Should a Supreme Court nominee’s stand on abortion be a litmus test for confirmation?
I found myself at my keyboard on the Fourth of July (also known as Independence Day), pondering whether abortion should be a litmus test for appointment to the U.S. Supreme Court. I must say, this country isn’t feeling like the land of the free right now. Daily, we see civil rights trampled and heartlessness and hateful behavior paraded across our screens.
Even as women are the majority gender, it is blasphemy to suggest the glass ceiling is broken. Our representation in the C-suite, at corporate board tables, and in leadership roles in the three branches of government doesn’t remotely demonstrate gender equality. Not even close. The white guys in suits dominate and they are flexing their muscles more by the day.
The 19th Amendment of our Constitution gave women the right to vote. In 1965, birth control became legal, making real the hope for women in this country to enjoy self-determination by planning pregnancies for when we are ready to be parents.
And, yes, in 1973, the Supreme Court ruled that the 14th Amendment of our Constitution gave rights to women seeking abortion. That decision was driven by testimony of doctors begging that the back-alley bloodshed end. We are grateful that “the powers that were” felt women should be trusted to make that decision for ourselves. Please let us remember that abortions did not begin with the passage of Roe v. Wade. It is because of Roe v. Wade that women stopped dying from them.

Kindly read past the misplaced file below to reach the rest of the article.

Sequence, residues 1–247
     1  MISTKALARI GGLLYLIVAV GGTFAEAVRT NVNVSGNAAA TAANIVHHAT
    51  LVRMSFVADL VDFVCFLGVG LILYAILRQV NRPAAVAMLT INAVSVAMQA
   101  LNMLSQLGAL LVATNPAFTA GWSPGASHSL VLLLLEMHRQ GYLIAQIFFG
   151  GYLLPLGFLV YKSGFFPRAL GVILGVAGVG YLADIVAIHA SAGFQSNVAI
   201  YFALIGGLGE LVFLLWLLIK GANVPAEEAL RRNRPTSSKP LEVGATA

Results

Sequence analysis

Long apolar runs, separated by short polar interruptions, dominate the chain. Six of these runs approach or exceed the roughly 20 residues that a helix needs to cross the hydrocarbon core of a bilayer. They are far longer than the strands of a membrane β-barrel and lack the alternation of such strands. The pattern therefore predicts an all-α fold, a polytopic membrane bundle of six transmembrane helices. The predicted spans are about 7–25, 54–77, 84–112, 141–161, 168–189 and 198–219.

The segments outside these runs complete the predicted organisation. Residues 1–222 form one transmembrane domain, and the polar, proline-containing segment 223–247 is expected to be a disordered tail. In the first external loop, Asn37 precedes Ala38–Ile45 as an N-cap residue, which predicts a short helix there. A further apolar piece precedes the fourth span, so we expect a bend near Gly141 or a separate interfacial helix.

Where are we now? A recently released study by the University of Texas speaks of as many as 250,000 young women attempting self-induced terminations. This cannot come as a surprise. In 2013, there were 41 Texas abortion facilities. There are now 18. This during a time when lawmakers at both the state and federal levels are seeking to mandate abstinence-only education and increasing barriers to all forms of contraception in their misguided wish to protect fertilized eggs. Please note: A fertilized egg is not to be confused with a pregnancy.
Roe v. Wade is settled law. We hope the president’s nominee respects the weight of that long-ago decision. We hope lawmakers faced with this tough and incredibly long-term and impactful decision will take their responsibility seriously. We hope they will insist the candidate make it loud and clear she or he agrees that, once seated on that lofty bench, religious beliefs are left at the door.
I have long hoped that every time abortion again becomes the subject du jour, it becomes an opportunity to educate regarding the realities of unintended pregnancies and how to reduce their number. While the majority of Americans believe abortion should be legal, all of us agree it’s best if a woman doesn’t have to face that question. That is accomplished by abstinence-plus education in an age-appropriate curricula and by ensuring women and men have access to birth control without burden. I long for the day our “leaders” take a fact-based, reality-based approach to reducing abortions in this country.
My plea to lawmakers: Do not send women in this country back to the alleys, be they real or of the cyberspace variety. We are your daughters, your sisters, your granddaughters, your nieces. Show us respect. Trust us to make the right decisions for ourselves and our loved ones.•
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Cockrum is a former director of Planned Parenthood of Indiana and Kentucky and a former state budget director. Send comments to firstname.lastname@example.org.